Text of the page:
Structure and Performance Analysis of Signal Acquisition and Doppler Tracking in LEO Augmented GNSS Receiver.

Research paper by Li L Cheng, Yonghong Y Dai, Wenfei W Guo, Jiansheng J Zheng

Indexed on: 17 Jan '21Published on: 17 Jan '21Published in: Sensors (Basel, Switzerland)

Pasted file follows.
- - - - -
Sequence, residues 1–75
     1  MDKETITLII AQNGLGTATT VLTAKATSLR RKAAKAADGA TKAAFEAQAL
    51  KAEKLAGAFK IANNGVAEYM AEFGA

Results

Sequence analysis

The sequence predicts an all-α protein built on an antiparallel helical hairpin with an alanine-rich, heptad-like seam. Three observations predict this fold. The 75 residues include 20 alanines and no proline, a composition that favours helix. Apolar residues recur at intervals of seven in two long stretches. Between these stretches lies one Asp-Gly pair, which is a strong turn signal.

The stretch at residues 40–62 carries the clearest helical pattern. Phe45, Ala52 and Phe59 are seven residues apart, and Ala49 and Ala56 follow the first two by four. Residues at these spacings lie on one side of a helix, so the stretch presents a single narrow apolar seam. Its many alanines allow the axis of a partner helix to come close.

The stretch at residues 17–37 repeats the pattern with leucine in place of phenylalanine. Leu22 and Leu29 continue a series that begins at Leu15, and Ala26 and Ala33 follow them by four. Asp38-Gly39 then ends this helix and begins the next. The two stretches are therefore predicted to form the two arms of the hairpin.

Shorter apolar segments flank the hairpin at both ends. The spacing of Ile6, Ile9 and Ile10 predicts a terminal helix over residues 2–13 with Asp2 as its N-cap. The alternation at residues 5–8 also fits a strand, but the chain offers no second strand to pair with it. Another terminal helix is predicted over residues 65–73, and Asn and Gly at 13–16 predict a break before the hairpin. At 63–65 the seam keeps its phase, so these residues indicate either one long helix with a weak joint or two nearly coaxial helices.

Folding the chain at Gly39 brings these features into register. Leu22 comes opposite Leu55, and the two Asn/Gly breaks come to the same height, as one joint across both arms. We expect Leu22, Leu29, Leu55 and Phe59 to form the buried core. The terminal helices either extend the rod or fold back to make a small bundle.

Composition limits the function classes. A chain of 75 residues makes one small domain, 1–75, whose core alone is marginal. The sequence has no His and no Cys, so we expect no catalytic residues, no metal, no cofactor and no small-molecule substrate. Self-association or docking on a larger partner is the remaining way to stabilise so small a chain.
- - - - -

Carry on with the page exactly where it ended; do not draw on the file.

Due to the low signal power, the Global Navigation Satellite System (GNSS) signal is vulnerable to interference and even cannot be captured or tracked in harsh environments. As an alternative, the Low Earth Orbit (LEO) satellite has been widely used in the navigation field due to the advantages of low cost and strong signals. It is becoming a significant component of the new combined navigation system with GNSS. The combination of an LEO Doppler signal and GNSS observables can improve the positioning accuracy and high-precision positioning convergence time of the GNSS receiver. However, the GNSS signal receiving capability cannot be improved from this data fusion level. We propose a novel assisted structure where GNSS signal acquisition and Doppler tracking are assisted by LEO Doppler positioning. The receiver uses the LEO signal to achieve Doppler positioning firstly. Then, the coarse position with the GNSS navigation messages received from LEO, as well as the estimated clock information, is used to assist in the acquisition and tracking of GNSS. In this way, the GNSS receiver's sensitivity can get the benefit from this integrated system. The paper presents the structure of the assisted receiver and analyzes the assisted GNSS signal acquisition and carrier tracking performance in detail. Simulation experiments of this assisted structure are carried out to verify its superiority of acquisition and tracking sensitivity in comparison with standalone GNSS receivers. Theoretical analysis and experimental results show that the proposed acquisition method can achieve 90% detection probability at a carrier-to-noise ratio (C/N) of 15 dB-Hz, which is about 8 dB higher than the conventional acquisition method without assistance; the proposed tracking method can track weak signals of dB-Hz, which is about 4 dB higher than the conventional method. Therefore, this novel LEO-assisted receiver has significantly improved weak signal acquisition and tracking sensitivity.